LONDON, Nov. 30 (UPI) -- A faction of Britain's coalition government is drafting legislation to prove that a recommended media watchdog is a bad idea, the culture secretary said.
Maria Miller said offering a preview of a possible law may help change minds within the Liberal Democrat and Labor parties about accepting the proposals of Lord Justice Brian Henry Leveson following his inquiry into the culture, practices and ethics of the media, The Daily Telegraph reported Friday.
In interviews after release of Leveson's report, Miller said a new law that would establish a press watchdog ultimately could bar newspapers from properly reporting on Parliament and holding politicians accountable.
"It provides a legislative framework for government to put in place things that impinge on press freedom, for example the way the press reports Parliament," she said. "They can put in a subtle muzzle of the press. Legislative underpinning is not necessary to achieve the same objective, which is an independent legislative body that gives real justice to victims."
Leveson's inquiry -- culminating in Thursday's report -- began during the initial fallout of a phone-hacking scandal that closed the News of the World, led to the arrest of several of the publication's top editors and the questioning of numerous journalists and public officials.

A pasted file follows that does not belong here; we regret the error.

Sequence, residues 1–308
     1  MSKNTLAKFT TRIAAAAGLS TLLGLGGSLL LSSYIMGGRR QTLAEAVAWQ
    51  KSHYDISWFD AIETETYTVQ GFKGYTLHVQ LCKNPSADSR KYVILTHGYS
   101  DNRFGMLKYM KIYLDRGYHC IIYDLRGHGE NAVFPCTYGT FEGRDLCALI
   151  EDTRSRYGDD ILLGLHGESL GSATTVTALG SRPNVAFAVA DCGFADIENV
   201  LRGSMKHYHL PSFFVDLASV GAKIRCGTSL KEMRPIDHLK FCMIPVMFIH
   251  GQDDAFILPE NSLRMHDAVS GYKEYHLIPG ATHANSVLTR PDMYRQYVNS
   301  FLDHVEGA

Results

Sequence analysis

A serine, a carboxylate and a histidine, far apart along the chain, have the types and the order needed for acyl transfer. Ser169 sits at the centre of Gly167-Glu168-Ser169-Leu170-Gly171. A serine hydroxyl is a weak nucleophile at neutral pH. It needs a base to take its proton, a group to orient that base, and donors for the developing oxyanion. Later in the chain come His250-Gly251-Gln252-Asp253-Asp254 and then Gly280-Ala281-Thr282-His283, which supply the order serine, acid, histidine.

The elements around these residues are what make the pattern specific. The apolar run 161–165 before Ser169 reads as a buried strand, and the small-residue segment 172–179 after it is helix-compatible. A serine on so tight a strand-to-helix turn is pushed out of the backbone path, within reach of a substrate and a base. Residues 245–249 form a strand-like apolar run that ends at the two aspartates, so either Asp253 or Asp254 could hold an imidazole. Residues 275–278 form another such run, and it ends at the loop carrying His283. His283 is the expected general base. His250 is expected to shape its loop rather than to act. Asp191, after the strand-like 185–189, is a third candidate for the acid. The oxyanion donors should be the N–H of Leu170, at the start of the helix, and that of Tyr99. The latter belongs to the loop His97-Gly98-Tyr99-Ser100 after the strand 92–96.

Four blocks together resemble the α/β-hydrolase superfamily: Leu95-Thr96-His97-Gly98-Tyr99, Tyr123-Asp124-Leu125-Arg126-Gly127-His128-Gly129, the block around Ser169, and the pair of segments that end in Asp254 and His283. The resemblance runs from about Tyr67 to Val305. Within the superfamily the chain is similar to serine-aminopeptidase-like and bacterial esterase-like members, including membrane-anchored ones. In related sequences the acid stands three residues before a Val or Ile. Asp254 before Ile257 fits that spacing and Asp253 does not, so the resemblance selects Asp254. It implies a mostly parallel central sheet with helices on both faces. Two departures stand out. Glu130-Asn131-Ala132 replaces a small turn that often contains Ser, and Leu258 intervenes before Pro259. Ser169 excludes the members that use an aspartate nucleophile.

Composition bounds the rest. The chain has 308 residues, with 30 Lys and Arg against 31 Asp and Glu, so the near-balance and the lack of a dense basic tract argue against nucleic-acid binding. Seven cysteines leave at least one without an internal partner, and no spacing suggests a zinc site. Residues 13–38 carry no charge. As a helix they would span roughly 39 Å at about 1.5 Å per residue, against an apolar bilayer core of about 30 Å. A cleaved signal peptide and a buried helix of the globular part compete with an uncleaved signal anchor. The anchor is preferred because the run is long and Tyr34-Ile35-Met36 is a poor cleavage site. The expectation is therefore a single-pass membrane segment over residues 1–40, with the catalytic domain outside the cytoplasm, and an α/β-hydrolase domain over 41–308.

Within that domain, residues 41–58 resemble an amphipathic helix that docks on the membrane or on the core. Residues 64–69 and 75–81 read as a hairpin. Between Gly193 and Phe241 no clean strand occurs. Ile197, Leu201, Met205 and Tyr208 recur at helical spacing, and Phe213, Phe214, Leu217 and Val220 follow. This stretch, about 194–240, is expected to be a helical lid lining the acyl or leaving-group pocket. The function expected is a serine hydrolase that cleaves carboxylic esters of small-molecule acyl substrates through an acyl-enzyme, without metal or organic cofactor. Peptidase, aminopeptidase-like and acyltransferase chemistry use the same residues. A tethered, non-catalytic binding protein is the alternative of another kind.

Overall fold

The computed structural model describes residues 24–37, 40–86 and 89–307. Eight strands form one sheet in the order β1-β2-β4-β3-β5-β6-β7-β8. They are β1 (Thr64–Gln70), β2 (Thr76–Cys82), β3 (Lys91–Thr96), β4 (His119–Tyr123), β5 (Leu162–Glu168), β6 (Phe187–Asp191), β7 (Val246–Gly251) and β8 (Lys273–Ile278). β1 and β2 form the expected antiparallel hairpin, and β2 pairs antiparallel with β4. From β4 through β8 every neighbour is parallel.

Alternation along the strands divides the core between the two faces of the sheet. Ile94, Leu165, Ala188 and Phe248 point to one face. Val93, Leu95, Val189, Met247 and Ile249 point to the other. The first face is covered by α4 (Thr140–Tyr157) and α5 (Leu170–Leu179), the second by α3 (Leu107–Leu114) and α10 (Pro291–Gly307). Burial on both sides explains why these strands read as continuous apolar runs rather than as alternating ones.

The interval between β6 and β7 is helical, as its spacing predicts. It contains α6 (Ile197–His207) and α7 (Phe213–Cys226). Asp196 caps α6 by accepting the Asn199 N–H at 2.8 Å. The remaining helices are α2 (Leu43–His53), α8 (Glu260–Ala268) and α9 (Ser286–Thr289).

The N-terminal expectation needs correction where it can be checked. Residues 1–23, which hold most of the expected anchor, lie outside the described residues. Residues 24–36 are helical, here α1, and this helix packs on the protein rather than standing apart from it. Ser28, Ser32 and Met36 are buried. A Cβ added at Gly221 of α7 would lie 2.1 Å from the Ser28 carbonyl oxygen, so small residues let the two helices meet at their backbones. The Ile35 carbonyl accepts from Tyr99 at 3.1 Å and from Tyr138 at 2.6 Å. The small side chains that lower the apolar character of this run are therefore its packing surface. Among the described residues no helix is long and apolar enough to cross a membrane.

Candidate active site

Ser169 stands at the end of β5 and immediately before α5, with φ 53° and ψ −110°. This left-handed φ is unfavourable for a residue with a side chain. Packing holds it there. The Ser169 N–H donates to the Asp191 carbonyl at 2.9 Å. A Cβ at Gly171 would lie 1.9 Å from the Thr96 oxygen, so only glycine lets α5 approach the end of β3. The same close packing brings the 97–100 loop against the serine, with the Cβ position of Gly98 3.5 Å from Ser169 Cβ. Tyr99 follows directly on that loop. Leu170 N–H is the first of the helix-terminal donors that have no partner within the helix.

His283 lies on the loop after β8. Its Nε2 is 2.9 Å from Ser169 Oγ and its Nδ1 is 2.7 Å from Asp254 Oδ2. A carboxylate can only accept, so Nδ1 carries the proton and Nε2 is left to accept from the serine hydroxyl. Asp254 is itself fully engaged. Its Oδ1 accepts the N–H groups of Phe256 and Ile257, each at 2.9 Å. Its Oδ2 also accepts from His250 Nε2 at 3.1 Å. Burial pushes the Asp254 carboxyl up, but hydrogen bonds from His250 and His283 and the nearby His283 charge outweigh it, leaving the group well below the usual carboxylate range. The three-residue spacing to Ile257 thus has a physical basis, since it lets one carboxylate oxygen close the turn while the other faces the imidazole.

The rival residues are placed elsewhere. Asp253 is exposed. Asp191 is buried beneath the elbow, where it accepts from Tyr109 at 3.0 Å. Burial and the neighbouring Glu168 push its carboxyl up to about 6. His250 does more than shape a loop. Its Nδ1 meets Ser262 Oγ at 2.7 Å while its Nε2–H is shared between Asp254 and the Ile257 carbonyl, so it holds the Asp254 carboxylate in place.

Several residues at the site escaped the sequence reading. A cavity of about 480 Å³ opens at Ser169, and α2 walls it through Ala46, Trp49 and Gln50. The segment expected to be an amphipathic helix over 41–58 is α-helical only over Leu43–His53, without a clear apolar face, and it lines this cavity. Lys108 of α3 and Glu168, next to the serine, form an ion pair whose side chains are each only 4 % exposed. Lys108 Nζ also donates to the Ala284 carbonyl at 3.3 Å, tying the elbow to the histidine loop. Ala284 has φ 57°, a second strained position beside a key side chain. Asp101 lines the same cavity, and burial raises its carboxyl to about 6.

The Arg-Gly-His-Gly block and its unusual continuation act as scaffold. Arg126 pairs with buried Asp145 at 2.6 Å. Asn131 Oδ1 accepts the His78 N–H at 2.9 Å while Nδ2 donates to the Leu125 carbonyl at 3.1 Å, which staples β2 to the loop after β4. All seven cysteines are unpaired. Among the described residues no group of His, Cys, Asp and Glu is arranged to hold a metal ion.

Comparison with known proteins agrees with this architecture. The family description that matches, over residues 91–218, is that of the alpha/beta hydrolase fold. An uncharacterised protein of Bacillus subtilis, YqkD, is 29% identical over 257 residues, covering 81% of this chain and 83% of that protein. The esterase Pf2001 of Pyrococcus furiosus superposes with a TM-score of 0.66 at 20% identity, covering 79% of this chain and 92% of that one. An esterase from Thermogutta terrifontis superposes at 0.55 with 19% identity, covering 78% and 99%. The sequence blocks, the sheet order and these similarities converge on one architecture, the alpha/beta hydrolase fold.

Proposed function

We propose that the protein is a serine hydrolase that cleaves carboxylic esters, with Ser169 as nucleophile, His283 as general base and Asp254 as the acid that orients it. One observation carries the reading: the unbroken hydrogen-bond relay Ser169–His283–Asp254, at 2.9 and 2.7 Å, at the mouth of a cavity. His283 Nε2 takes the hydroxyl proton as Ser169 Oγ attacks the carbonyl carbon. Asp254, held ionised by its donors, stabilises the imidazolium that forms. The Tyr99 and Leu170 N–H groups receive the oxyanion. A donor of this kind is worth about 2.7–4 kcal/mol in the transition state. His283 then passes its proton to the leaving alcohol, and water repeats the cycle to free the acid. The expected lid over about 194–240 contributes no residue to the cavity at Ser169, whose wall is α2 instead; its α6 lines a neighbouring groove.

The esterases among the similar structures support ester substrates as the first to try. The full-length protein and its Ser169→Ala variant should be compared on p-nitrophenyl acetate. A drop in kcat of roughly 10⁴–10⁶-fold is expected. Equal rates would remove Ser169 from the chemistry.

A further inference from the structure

Miller said new proposals would be drafted soon after Prime Minister David Cameron announced he opposed the having the state intervene in a free press.
Miller warned the government would take "further action" if the media doesn't offer any better proposals for a regulatory process, including draft legislation, the Telegraph reported.
Cameron threatened to veto the central recommendation, a new independent media regulator that was backed by legislation.
The findings of Leveson's inquiry were backed by Nick Clegg, the Liberal Democrat deputy prime minister, and Ed Miliband, Labor Party and opposition leader, who are now expected to unite to try to push through new press laws.
Among its recommendations, the report said the independent regulator would have the power to fine newspapers up to 1 million pounds (about $1.6 million) or 1 percent of turnover for violating a new code of conduct. The proposed regulatory system would be bolstered by statute to "protect the freedom of the press, to reassure the public and validate the new body," the report said.
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